Do you often find yourself wishing there were more hours in a day? Read on for some advice on how you can make the hours you’ve got really count.
Plan your days
Productive people tend to be highly organised, with a structured plan for how they spend their time.
Take just 10-15 minutes at the end of each day to write out your to-do list for the next day (or week). Not only will you get a head start on each day’s activities, you’ll also have a better night’s sleep if you aren’t running through all those tasks in your head.
Start with the important stuff
Tackle the most difficult or significant tasks on your list first, while your brain is at its most active – usually right after that first cup of coffee.
Getting these priority items out of the way allows you to relax a bit later on, and savour the tasks you really enjoy doing.
Take a break
While it may seem counterintuitive, taking breaks is vital to your productivity. Trying to complete a task after you’ve already been working on it for several hours will only lead to frustration. Take a walk or a nap – anything that will allow your brain to reboot itself.
You’d have to be some kind of robot to stay focused all the time, which is why some experts suggest working in ‘sprints’. Using a time management tool such as www.e.ggtimer.com, set yourself some strict time constraints to get a task done, and then challenge yourself to beat the timer. You’ll be amazed at what you can achieve – and then you can reward yourself with a break.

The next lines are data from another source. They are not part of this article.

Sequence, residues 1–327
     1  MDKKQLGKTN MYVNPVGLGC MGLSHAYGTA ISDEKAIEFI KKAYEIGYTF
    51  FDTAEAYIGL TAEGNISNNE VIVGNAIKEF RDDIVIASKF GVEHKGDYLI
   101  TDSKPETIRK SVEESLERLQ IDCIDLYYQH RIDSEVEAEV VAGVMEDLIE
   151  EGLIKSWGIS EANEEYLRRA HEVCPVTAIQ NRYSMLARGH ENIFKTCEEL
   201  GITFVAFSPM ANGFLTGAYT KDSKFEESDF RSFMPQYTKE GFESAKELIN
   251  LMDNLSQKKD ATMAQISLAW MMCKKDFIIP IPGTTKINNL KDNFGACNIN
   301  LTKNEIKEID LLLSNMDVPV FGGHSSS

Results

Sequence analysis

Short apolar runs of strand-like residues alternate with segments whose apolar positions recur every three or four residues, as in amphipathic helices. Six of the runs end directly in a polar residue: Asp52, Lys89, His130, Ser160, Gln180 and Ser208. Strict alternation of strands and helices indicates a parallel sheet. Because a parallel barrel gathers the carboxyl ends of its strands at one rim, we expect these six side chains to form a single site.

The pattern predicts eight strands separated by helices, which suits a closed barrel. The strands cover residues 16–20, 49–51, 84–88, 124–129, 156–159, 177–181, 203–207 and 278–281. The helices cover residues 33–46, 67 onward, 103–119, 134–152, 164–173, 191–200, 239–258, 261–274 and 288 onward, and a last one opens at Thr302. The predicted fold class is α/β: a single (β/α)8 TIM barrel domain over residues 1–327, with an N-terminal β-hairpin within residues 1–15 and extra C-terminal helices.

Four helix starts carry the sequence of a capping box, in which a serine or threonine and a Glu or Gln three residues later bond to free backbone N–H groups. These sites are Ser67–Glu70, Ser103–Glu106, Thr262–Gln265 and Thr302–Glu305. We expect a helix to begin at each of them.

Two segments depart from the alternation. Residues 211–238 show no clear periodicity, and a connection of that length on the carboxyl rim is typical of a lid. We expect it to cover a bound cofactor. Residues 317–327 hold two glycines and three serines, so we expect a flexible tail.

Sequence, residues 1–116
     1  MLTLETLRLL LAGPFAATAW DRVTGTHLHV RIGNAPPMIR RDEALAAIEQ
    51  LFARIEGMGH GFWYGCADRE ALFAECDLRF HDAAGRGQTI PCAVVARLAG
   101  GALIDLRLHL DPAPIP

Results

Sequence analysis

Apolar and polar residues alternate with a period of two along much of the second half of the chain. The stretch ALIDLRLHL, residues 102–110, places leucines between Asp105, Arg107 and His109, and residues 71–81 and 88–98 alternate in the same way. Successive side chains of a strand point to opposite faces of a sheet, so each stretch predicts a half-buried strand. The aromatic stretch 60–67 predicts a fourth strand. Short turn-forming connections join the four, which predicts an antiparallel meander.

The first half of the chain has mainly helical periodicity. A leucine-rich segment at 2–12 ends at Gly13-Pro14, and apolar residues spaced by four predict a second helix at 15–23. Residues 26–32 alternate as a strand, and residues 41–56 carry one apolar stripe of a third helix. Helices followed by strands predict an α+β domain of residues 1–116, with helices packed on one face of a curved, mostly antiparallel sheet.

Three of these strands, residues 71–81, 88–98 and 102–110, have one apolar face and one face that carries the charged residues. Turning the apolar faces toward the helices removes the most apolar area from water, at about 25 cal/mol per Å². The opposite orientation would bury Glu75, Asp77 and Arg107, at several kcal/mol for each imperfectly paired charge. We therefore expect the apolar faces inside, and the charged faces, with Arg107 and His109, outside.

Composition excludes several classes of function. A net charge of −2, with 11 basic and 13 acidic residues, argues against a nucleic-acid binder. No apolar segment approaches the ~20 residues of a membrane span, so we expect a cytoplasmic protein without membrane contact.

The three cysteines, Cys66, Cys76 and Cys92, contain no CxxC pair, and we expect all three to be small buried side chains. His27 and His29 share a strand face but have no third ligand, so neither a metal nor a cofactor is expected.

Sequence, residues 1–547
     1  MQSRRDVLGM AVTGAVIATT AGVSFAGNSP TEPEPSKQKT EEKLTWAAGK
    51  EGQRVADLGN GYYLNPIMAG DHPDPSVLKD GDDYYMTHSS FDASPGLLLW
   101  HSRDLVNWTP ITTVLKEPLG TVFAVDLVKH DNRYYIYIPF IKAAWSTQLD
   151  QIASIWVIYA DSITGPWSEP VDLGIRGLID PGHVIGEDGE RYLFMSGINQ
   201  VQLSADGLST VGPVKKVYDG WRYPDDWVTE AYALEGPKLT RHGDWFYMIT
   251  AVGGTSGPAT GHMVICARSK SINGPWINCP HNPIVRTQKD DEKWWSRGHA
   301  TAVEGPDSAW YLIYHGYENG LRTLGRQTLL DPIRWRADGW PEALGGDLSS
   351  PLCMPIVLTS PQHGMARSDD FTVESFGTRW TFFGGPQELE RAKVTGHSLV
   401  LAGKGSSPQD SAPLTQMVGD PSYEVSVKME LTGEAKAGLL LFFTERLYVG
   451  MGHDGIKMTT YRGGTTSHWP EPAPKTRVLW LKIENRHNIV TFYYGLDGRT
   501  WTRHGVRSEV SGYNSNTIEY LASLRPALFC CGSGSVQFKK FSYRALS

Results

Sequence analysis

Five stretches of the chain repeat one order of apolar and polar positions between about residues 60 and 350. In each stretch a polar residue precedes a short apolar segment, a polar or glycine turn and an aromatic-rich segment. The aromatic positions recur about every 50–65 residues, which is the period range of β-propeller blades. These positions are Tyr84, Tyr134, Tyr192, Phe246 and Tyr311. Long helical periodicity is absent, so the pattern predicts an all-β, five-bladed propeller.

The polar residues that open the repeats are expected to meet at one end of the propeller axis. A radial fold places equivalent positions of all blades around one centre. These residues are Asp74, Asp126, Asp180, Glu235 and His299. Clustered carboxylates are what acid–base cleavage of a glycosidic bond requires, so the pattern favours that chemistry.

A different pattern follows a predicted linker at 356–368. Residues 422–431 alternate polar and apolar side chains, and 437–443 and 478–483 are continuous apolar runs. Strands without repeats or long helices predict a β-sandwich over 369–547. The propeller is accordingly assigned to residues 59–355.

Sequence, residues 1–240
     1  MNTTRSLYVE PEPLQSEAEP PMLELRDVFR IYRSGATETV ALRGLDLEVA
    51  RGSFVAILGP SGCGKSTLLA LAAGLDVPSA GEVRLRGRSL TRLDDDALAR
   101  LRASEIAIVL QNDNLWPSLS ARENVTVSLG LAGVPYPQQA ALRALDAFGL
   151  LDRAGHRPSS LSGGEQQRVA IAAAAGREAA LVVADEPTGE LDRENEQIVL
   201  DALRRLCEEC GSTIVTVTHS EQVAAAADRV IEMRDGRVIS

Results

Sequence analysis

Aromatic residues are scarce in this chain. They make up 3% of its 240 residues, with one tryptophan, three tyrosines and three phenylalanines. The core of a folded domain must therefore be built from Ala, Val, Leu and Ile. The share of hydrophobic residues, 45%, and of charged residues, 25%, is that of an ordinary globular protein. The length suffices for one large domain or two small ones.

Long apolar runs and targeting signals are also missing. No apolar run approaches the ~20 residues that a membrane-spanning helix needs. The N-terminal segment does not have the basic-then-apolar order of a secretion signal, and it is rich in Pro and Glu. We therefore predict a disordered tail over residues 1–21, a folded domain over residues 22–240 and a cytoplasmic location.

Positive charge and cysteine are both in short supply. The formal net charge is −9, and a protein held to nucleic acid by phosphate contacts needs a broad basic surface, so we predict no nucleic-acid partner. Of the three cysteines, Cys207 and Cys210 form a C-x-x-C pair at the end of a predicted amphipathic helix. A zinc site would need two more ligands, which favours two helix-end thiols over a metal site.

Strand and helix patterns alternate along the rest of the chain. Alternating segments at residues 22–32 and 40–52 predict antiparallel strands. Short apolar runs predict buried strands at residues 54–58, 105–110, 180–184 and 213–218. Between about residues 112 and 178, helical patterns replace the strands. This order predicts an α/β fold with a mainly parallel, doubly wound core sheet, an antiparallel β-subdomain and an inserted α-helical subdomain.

People can be so inconsiderate. They discover you hard at work and say horrible things like, “hey, how’s the studying going?”
Once you’ve assigned yourself a task and a block of time to complete it, make sure you have that time all to yourself. That may require ignoring your phone or turning off the WiFi so that you aren’t tempted to see what’s happening on social media.
Cut out the multitasking
A group of researchers at Stanford University found that ‘people who are regularly bombarded with several streams of electronic information do not pay attention, control their memory or switch from one job to another as well as those who prefer to complete one task at a time.’
Although we may feel like we are getting things done when we’re multitasking, we’re actually getting less done. That’s because it’s harder to screen out irrelevant information and prioritise the tasks at hand.
The bottom line? Do less (at a time), and get more done!
Acknowledge what you’ve accomplished
Sometimes, achieving success can feel like an ongoing battle. There’s always further to go, and more to do, which is why it’s important to give yourself credit where it’s due.
At the end of each day, write down 3 things you’ve achieved. It could be anything from completing a first draft to finishing a major project.
If you don’t feel like you got much actual work done, include positive actions such as ‘made co-worker laugh so hard he dropped yogurt all over himself.’ It’s been proven that happiness can lead to success, after all.